Which Future for Libya After Al-Sarraj’s Resignation?
COMMENTARY #19 • OCTOBER 2020
In a short televised speech, the head of the Government of National Accord (GNA) Fayez Al-Sarraj announced his upcoming resignation by the end of October and his intention to hand over power to a new executive authority, with the hope that it will find a political solution to restore peace to the country. Moreover, Sarraj stated that the United Nations mediated talks among the rival factions of the country have brought to a new preparatory phase to unify Libyan institutions and to prepare for the elections. A new international summit, the so-called Berlin II Conference, will be held on October 5th and it will be a virtual meeting with the participation of the UN, Germany and all the actors involved, Italy included.
After all, a dialogue had already begun between Fayez Al-Sarraj and Aguila Saleh, President of the Libyan House of Representatives, the political core of Tobruk government. However, in mid-September, the Prime Minister of Tobruk government, Abdullah Al-Thani resigned, bringing further uncertainty to the negotiation. It is in this context of general instability the announcement of Sarraj’s resignation should be framed. The GNA has demonstrated to be a weak governmental entity, which is held together only through the support of the militias that ensure the defense of the capital. The weakness of Sarraj reflects the fact that he does not come from the ranks of the army, and this has constantly undermined his field of action. Sarraj asked for help from Misrata militias in order to defend Tripoli against the military offensive launched by Haftar, commander of the Tobruk-based Libyan National Army (LNA), but eventually he had to call upon Erdogan’s Turkey. Nevertheless, Sarraj is one of the few figures of stability in the country. His departure, at a very delicate moment for transition, could trigger unpredictable consequences for Libya.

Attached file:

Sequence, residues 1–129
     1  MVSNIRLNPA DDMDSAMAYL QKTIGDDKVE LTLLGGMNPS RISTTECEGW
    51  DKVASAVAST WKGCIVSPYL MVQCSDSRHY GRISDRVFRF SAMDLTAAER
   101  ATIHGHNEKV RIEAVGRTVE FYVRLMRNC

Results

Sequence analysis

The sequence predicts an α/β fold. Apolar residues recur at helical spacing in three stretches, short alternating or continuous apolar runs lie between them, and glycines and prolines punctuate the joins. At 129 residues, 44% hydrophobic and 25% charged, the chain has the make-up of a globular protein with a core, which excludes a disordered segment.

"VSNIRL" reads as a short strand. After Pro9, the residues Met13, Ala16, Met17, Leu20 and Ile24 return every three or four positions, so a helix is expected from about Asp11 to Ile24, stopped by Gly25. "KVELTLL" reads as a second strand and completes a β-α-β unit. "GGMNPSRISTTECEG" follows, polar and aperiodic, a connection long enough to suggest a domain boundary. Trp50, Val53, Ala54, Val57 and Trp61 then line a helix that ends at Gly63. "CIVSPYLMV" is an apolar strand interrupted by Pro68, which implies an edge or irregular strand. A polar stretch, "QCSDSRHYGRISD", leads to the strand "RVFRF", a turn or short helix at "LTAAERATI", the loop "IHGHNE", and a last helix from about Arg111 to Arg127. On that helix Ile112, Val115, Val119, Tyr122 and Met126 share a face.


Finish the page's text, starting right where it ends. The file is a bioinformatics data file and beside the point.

The blockade of energy exports caused by the Libyan National Army (LNA) since January has deprived the Libyan state of most of its usual revenue, worsening living standards and contributing to protests in cities controlled by both sides. In Tripoli, where the presence of militias is widespread, demonstrations have been harshly repressed. Simultaneously the premier suspended from office Fathi Bashaga, the powerful Interior Minister, publicly accusing him of not having handled anti-government protests, and then he reintegrated him a few days after. A reckoning, between the PM and the Minister who over the last months has become Turkey’s interlocutor in Tripoli, which was recomposed only due to external pressure. A complex scenario, we also find Ahmed Maiteeg, vice-president of the Presidential Council and potential Sarraj’s successor.
Clearly, most of the war between Cyrenaica and Tripolitania is fought for controlling the energy resources, which are also a subject of clashes among the tribes. Hence, the core of the problem is and will be the allocation of oil resources, currently controlled by general Haftar and consequently by the territory’s militia, with a solution accepted by all other actors called to the negotiating table. Subsequently, the choice will fall on those personalities who might be able to provide guarantees for everyone and, hopefully, stability.